More than three dozen Howard County parents and students turned out to speak their minds on the proposal to move more than 1,100 students to new middle schools next year.
Monday night was the second and final public hearing on the matter, and though testimony can be submitted to the Board of Education until Tuesday, Nov. 19, many took the opportunity to speak out against, or in favor, of Superintendent Renee Foose's plan redistricting plan.
Chief among the testimony was a support to keep neighborhoods south of Route 216 together, regardless of whether those students attend Lime Kiln or Hammond middle schools, and, like last time, mixed reaction to redistricting Wilde Lake into Clarksville middle schools, keeping students in the Meadow Ridge Landing community at Mayfield Woods rather than the new middle school and stark disagreement over whether or not to send Murray Hill students to Patuxent Valley and the splitting of the Emerson neighborhood in North Laurel.
In the Meadow Ridge Landing neighborhood, arguments were the same: moving students from Mayfield Woods to the new middle school means a long, highly-trafficked route to school and isolates them from their community.
"This is wrong and dangerous," said Mayfield Woods parents Michelle Ray. "We would be subjecting our children to rush hour traffic on a dangerous, overcrowded highway ... It's not safe and it's a huge liability that is not worth the risk."
Also last week, numerous Murray Hill parents spoke out against sending their children to Patuxent Valley — a school, they said, with lower academic standards. It was a theme repeated Monday, with even students offering their voices.
"I don't want to go to a school where I won't be challenged academically," said Murray Hill sixth-grader Aryss Lindsey.
Patuxent Valley parents, however, took umbrage over the negativity being directed at their school.
"Every school in Howard County is great," said Patuxent Valley parent Christine Dietrich. "Seriously, we all need to get a grip. My message to any parent that takes issue with going to a school that they deem less successful is to work with the community, school administration, parents and students to address those issues, not run from them."
Edward Bauer, a father of three adult daughters who are Patuxent Valley graduates, and the father of a sixth-grader at the school, said Patuxent Valley has grown and improved over the years.
"We'd love to have (the Emerson residents) come to Patuxent Valley," he said. "They seem passionate about their kids, which can only be a plus for Patuxent Valley."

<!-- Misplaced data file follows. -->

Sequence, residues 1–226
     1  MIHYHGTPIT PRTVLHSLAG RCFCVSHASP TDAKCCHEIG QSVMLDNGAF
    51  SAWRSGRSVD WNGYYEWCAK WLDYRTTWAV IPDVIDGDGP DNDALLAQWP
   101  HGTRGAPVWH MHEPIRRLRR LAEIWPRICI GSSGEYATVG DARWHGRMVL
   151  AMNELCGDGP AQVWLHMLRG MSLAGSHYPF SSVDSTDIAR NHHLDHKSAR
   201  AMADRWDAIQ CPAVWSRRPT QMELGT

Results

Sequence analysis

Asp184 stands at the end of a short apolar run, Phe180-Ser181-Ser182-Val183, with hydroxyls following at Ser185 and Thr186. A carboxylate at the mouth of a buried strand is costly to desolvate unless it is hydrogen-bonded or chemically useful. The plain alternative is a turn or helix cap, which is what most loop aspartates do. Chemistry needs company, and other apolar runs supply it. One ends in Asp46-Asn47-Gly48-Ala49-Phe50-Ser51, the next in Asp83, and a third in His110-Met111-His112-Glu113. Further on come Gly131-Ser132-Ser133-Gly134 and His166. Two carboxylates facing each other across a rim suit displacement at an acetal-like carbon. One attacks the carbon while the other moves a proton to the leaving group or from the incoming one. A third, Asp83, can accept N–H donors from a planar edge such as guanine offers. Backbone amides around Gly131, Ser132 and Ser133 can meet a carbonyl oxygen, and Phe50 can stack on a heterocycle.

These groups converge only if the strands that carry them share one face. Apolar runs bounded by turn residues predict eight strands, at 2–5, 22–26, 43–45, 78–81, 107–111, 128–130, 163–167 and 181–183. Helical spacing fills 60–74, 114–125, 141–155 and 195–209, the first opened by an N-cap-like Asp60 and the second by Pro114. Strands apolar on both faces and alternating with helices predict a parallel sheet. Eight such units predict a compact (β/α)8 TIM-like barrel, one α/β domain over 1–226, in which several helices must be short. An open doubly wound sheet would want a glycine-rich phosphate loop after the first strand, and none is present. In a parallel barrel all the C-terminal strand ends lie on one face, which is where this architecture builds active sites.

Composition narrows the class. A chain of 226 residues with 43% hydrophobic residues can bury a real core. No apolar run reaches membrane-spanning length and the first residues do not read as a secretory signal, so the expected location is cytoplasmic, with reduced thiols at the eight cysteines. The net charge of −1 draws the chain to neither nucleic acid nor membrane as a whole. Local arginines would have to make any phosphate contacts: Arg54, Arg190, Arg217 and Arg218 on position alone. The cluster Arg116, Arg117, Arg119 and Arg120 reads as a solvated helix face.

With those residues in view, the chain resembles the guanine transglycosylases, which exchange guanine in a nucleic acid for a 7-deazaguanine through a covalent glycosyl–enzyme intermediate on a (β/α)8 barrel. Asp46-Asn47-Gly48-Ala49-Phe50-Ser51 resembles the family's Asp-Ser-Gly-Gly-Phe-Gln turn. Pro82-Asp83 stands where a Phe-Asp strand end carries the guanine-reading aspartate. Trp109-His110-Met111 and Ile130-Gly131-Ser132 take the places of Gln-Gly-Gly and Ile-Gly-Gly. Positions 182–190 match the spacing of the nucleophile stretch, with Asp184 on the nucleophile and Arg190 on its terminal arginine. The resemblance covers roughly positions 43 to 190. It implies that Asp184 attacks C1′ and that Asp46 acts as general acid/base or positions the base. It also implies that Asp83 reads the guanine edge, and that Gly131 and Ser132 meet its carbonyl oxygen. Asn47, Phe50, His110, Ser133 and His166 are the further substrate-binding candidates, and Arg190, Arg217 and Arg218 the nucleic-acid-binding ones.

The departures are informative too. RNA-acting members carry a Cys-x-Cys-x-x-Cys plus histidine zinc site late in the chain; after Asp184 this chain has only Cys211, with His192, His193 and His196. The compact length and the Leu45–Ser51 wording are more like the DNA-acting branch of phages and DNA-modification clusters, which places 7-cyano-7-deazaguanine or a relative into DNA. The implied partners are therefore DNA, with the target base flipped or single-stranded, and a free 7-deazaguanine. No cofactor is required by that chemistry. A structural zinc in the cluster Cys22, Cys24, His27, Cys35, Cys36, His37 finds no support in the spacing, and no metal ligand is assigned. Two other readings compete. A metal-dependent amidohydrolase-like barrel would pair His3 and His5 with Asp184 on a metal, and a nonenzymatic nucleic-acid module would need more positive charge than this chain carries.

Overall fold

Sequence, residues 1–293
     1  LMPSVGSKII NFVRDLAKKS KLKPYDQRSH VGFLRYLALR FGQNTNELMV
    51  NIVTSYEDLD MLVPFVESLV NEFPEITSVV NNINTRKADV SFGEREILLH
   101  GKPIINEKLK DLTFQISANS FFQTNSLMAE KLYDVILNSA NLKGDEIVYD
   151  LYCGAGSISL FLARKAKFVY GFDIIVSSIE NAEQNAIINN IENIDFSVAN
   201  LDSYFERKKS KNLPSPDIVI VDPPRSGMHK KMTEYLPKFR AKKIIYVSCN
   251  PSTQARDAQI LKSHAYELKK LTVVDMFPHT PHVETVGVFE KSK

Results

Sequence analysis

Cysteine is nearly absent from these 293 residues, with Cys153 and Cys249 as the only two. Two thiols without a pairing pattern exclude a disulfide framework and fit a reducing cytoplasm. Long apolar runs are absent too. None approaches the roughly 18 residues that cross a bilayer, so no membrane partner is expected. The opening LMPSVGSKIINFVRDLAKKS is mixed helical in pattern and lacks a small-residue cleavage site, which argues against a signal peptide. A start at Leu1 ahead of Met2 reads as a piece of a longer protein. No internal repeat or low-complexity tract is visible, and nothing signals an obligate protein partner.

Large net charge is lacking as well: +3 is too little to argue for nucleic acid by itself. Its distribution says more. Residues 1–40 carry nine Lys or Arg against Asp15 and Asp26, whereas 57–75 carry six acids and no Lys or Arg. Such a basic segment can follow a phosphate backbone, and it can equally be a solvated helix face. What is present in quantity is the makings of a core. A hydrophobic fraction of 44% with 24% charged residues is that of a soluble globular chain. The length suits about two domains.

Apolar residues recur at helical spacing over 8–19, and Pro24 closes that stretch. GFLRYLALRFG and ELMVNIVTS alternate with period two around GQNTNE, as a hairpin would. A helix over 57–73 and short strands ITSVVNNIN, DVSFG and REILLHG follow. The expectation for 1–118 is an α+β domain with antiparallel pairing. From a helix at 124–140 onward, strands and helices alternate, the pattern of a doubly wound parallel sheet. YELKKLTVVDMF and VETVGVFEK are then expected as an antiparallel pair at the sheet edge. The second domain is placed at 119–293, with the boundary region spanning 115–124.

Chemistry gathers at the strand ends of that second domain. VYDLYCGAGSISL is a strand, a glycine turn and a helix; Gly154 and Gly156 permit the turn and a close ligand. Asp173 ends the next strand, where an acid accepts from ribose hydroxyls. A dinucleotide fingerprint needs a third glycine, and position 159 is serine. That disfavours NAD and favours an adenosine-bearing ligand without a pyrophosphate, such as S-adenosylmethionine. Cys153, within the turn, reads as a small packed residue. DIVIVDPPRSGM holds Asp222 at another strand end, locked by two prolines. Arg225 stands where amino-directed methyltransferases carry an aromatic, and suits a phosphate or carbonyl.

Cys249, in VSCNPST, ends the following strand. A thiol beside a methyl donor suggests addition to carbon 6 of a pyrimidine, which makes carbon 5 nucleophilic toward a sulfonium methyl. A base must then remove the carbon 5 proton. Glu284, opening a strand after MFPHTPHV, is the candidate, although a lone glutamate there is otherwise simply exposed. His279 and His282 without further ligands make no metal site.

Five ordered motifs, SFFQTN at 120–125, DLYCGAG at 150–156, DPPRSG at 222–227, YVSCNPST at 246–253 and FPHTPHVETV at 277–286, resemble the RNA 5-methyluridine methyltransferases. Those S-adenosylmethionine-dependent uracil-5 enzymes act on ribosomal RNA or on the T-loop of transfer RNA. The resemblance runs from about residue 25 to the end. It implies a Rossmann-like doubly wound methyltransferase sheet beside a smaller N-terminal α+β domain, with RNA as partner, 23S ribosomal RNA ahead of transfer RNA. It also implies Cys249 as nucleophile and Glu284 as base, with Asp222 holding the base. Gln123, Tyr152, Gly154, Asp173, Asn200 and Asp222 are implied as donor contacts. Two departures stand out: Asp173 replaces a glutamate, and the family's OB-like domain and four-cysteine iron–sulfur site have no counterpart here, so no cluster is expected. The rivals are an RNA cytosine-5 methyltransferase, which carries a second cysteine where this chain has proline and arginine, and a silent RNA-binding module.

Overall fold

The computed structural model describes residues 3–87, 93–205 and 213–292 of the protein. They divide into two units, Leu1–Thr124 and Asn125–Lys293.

Other Emerson residents said the true issue lies in the proposed splitting of the community — half would go to Patuxent Valley and the other, remain at Murray Hill. Another issue is distance, as Murray Hill is closer to their neighborhood.
Huntington residents also turned out for the hearing, as their Bollman Bridge Elementary (and Murray Hill middle) students could be part of the shift to Patuxent Valley.
"To split up the Bollman Bridge groups, half to Murray Hill and half to Patuxent Valley, only to come back to Hammond High Shcool would be disruptive and have a detrimental effect," said Huntington resident Raquel Braithwaite.
Emotions did run high at the hearing, but several parents urged the board to take emotions out of the equation and focus only on the facts. The fact, for example, that Wilde Lake is overcrowded and needs relief, though it is not in Foose's proposal for redistricting.
"When a plant gets too big, a gardener transplants it," said Wilde Lake parent Michael Walsh. "It benefits not only that plant, but the plants around it. It would be to the benefit of all the kids, not just the kids who are moving."
In the same way, redistricting can have a negative impact on all students, not just the ones who are redistricted, said parents in the communities south of Route 216, who are split between Lime Kiln and Hammond middle schools in Foose's proposal. The feasibility study, many pointed out, suggested moving all students in that region to Lime Kiln, and many spoke in favor of that plan.
"Minimizing the students moved does not minimize disruption," said Fulton Elementary School mother Christina Musser, whose family was redistricted into Fulton only two years ago, and could stand to be moved from Hammond to Lime Kiln. "Splitting up the community would whittle away familiar support systems our students have relied on. ... This was a golden opportunity to create strong feeds you started two years ago in moving us all to Fulton. Please finish what was started."Copyright © 2014, The Baltimore Sun